2.2. Screening of LAB Isolates for Antimicrobial Activity

The antimicrobial activity of LAB was evaluated using the well diffusion method with some modifications. Overnight bacterial cultures in MRS broth were centrifuged at 10,000× g for 7 min at 4 °C. The cell-free supernatants (CFS) were collected and filtered using 0.22-µm pore filter membranes (Millipore, Molsheim, France) to remove residual bacterial cells.
Five foodborne pathogenic bacteria (Bacillus cereus KCCM 40935, Escherichia coli O157:H7 ATCC 43888, Listeria monocytogenes CCARM 0214, Staphylococcus aureus ATCC 11778, and Salmonella enterica KCCM 12021) were grown in tryptic soy broth at 37 °C for 18 h [16] and diluted in physiological saline. Trypticase soy agar (TSA, BD Difco) plates were overlaid with 5 mL of TSA soft agar (0.75%) and inoculated with 100 µL of each pathogenic strain (7 log CFU/mL). A well of fixed diameter was created in the center of each plate and filled with CFS (80 µL). This was followed by incubation of the plates at 37 °C for 18 h. Antimicrobial activity was detected by measuring the zone of inhibition (including the well diameter) that appeared after the incubation period. Uninoculated MRS broth was used as a negative control. Each experiment was performed in triplicate.

2.3. Measurement of Cell Surface Hydrophobicity and Auto-Aggregation Ability of LAB

Bacterial adhesion of LAB to hydrocarbons was measured as previously described [17], with slight modifications. Briefly, LAB isolates cultured overnight were centrifuged at 8000× g for 5 min. The pellet was washed twice with sterile phosphate-buffered saline (PBS; pH 7.2) and resuspended in sterile PBS to an optical density of 0.5 (A0) at 600 nm wavelength. The bacterial suspension was then mixed vigorously with an equal amount of xylene (Sigma-Aldrich) and allowed to stand at room temperature for 1 h. The separated aqueous phase was carefully removed, and its absorbance at 600 nm was measured (A1). Surface hydrophobicity (H%) was calculated using the formula H% = (1 − A1/A0) × 100.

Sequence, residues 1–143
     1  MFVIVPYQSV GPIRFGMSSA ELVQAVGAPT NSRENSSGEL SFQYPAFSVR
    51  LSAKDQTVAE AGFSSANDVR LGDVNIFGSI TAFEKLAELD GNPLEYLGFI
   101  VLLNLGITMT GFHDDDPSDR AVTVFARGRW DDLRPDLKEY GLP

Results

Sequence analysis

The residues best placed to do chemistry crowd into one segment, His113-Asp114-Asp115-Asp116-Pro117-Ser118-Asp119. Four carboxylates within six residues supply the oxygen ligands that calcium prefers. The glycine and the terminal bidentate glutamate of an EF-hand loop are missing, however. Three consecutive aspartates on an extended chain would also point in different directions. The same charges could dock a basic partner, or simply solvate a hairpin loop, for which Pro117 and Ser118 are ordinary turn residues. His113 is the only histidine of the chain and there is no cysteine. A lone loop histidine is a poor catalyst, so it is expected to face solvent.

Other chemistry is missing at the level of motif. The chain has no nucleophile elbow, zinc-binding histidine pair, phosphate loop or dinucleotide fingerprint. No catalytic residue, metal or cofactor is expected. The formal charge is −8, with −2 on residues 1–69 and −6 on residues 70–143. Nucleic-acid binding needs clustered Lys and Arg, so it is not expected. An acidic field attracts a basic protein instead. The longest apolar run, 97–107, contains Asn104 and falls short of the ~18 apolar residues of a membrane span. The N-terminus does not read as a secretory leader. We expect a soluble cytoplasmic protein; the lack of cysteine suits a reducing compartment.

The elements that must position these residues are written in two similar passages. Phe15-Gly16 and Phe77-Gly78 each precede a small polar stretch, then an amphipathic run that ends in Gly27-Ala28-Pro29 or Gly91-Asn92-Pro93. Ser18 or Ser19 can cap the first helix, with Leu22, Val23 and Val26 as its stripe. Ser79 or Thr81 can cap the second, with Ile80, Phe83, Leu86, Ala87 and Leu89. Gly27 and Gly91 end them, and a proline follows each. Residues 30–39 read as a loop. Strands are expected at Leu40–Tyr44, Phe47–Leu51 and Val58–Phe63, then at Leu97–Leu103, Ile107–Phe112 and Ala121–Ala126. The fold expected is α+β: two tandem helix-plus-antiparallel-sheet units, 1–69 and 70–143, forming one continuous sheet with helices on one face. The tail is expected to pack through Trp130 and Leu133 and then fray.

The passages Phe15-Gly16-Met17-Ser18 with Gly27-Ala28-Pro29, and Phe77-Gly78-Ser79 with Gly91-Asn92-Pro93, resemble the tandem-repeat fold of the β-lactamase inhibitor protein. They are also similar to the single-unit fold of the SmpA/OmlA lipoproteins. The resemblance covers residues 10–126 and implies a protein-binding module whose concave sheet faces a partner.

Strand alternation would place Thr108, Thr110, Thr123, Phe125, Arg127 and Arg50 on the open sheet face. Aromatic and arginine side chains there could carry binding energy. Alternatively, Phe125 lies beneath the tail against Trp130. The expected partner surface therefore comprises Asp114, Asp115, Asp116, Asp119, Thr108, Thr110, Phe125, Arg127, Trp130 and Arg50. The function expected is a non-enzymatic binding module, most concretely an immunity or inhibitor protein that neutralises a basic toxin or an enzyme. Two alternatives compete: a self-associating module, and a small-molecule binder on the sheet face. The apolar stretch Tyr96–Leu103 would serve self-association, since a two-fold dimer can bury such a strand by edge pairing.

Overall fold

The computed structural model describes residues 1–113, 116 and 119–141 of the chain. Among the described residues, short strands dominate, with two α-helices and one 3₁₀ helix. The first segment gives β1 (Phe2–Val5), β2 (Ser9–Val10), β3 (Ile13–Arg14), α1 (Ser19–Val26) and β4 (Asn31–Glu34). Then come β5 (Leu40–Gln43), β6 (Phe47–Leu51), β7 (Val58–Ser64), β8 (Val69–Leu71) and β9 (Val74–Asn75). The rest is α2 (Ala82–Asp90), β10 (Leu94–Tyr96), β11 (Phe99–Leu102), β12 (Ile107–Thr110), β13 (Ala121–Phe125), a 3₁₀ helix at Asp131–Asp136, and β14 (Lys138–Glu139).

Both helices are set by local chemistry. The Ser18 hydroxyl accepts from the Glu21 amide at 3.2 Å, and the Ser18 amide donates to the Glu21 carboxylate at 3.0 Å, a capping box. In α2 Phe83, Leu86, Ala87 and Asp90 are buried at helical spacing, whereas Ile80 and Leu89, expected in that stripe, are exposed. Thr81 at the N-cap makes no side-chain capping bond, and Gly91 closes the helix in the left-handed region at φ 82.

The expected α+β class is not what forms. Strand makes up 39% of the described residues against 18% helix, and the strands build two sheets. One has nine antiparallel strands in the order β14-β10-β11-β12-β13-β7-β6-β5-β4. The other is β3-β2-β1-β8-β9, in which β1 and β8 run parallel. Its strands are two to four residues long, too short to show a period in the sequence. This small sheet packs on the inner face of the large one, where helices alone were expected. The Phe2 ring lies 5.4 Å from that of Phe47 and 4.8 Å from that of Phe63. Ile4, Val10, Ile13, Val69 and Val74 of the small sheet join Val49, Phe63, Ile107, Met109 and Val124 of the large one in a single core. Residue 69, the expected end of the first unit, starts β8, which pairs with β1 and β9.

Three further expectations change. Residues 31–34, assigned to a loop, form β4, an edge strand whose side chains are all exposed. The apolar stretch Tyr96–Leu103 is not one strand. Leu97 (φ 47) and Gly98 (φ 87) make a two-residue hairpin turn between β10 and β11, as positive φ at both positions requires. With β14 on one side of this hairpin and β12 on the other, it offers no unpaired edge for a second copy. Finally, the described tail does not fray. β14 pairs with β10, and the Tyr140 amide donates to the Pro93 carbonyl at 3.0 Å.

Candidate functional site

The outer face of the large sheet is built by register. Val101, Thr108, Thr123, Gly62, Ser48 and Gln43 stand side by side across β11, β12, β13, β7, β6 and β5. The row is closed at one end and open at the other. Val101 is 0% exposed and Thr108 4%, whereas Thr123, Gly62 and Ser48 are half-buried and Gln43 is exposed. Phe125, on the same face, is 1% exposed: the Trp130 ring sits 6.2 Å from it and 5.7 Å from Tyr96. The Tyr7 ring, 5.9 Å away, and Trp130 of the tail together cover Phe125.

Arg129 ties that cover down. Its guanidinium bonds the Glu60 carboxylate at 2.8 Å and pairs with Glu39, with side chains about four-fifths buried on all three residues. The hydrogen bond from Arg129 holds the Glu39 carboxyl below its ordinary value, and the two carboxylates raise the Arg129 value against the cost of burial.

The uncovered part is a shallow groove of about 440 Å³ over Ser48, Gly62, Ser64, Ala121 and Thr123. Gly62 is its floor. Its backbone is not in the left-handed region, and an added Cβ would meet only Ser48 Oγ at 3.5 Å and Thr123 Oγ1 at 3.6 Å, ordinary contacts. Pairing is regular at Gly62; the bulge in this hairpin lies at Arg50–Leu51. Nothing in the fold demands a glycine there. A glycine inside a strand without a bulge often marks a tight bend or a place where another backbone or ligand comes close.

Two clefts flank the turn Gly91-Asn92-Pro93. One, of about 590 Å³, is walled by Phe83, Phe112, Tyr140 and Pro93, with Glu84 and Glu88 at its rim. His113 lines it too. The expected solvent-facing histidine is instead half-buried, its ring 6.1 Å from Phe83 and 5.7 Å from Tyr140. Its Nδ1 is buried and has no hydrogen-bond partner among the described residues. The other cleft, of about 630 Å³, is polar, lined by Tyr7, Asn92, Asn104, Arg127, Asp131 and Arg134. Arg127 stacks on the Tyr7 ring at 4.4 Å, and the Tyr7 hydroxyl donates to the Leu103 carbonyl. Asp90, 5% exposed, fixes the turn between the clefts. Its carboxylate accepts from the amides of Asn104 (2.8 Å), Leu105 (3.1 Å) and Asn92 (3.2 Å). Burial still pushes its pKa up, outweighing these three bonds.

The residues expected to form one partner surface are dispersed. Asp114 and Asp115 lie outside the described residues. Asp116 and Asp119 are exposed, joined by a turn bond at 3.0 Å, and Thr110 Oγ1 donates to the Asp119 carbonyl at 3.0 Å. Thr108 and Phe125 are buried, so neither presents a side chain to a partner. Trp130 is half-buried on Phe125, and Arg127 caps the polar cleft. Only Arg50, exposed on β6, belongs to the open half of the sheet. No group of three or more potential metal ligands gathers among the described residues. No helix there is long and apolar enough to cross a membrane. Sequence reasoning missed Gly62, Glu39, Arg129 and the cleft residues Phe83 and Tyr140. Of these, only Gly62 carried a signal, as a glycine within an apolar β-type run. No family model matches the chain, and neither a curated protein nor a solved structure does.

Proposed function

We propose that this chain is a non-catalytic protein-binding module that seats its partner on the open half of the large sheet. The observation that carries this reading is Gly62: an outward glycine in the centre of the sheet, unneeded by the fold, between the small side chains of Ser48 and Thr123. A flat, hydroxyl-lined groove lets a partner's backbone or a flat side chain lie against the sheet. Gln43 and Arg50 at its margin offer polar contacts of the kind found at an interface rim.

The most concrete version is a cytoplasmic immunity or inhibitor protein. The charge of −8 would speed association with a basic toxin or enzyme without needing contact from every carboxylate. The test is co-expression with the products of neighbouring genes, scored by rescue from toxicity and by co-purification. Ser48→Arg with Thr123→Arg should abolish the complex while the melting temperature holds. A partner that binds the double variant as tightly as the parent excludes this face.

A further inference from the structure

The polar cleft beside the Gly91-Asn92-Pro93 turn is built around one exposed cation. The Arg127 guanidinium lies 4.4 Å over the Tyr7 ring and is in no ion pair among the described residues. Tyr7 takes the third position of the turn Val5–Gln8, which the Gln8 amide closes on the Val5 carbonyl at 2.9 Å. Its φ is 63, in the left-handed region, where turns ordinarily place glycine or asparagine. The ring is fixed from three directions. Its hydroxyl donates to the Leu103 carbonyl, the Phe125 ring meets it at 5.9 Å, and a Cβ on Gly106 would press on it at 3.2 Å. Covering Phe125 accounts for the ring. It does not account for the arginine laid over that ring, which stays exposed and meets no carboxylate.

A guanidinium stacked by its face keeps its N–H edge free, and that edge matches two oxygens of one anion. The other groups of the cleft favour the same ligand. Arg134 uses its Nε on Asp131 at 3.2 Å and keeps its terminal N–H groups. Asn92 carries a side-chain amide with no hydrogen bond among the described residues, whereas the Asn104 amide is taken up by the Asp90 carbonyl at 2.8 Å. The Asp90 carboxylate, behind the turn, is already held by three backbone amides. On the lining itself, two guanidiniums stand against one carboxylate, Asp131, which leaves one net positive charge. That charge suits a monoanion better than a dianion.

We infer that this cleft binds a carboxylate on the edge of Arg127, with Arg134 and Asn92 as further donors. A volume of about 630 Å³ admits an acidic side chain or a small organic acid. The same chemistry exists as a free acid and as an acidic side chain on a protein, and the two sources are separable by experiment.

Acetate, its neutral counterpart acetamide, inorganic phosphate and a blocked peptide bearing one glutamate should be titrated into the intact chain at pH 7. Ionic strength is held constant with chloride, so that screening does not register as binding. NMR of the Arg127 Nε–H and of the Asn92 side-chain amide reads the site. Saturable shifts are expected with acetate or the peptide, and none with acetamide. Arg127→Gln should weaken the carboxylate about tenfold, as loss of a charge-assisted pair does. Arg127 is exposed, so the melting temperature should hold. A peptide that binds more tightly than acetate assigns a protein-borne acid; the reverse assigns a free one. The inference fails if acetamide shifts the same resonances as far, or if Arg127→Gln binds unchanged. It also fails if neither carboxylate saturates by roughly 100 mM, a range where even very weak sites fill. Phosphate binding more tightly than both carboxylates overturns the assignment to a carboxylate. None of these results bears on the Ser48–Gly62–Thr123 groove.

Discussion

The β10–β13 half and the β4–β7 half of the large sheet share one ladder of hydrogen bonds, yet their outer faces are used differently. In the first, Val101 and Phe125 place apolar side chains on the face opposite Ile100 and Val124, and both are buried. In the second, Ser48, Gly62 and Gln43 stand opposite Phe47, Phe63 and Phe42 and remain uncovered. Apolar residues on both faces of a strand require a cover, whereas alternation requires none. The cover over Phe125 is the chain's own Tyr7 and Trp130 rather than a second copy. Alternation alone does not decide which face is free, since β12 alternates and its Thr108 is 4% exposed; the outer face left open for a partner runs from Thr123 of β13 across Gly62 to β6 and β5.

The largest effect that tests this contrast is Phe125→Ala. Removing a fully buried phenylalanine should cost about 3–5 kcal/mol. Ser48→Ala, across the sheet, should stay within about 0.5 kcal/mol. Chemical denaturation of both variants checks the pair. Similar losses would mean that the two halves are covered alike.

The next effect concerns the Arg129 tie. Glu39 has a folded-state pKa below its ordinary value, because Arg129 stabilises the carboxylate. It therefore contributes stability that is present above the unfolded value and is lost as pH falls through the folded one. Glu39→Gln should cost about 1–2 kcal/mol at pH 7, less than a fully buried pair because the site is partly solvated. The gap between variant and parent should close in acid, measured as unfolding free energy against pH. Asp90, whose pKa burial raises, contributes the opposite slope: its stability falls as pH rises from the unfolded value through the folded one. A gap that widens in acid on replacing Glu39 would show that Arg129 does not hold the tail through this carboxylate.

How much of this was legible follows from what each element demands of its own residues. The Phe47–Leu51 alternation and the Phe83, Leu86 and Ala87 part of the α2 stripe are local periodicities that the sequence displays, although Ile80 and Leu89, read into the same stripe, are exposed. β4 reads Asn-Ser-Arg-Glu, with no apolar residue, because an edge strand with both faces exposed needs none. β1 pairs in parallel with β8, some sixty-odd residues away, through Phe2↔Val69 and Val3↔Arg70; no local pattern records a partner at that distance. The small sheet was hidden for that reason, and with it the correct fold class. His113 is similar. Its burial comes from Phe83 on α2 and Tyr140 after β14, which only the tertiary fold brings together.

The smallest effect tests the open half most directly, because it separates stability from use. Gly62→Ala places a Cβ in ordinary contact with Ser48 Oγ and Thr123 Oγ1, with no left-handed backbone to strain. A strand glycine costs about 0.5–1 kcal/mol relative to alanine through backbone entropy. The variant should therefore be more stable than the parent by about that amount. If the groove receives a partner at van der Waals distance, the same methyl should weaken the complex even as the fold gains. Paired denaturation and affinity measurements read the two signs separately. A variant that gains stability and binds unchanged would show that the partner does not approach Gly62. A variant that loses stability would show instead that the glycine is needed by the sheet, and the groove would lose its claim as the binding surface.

The auto-aggregation ability of the LAB strains was evaluated as described by Gómez et al. [12], with some modifications. Briefly, LAB isolates cultured overnight were centrifuged at 8000× g for 5 min. The pellet was washed twice with sterile PBS (pH 7.2) and resuspended in sterile PBS to an optical density of 0.5 (A0) at 600 nm wavelength. The absorbance at 600 nm of the homogenized bacterial suspension was again measured after the suspension had been standing undisturbed at 37 °C for 24 h (At). Auto-aggregation (A%) was calculated using the formula A% = (1 − At/A0) × 100. All experiments were performed in triplicate.

2.4. Biofilm Assay Using Crystal Violet Staining

Biofilm assays were performed colorimetrically using crystal violet staining as described by Merino et al. [18], with some modifications. Briefly, 2 mL of MRS broth was placed in each well of a 12-well plate inoculated with Lactobacillus strains (1%), and the plate was incubated at 37 °C for 72 h. Thereafter, the supernatant was discarded, and the wells were washed twice with PBS to remove non-adherent cells. This was followed by the addition of 1 mL of 0.2% crystal violet solution (in PBS) to each well and incubation at room temperature for 15 min, following which the dye was discarded and the wells washed three times with PBS. Thereafter, 600 μL of 96% ethanol was added to each well to extract the crystal violet. The extracted supernatant was transferred to a new well plate and absorbance at 595 nm wavelength was measured using a microplate reader (Biotek Synergy HT). To enumerate viable cells, supernatants were removed and biofilms were washed twice with PBS. Aliquots of 1 mL PBS were added to each well, and the cells were detached by scraping. Serial dilutions (1/10) of the bacterial suspension followed by plate counting on MRS agar were performed.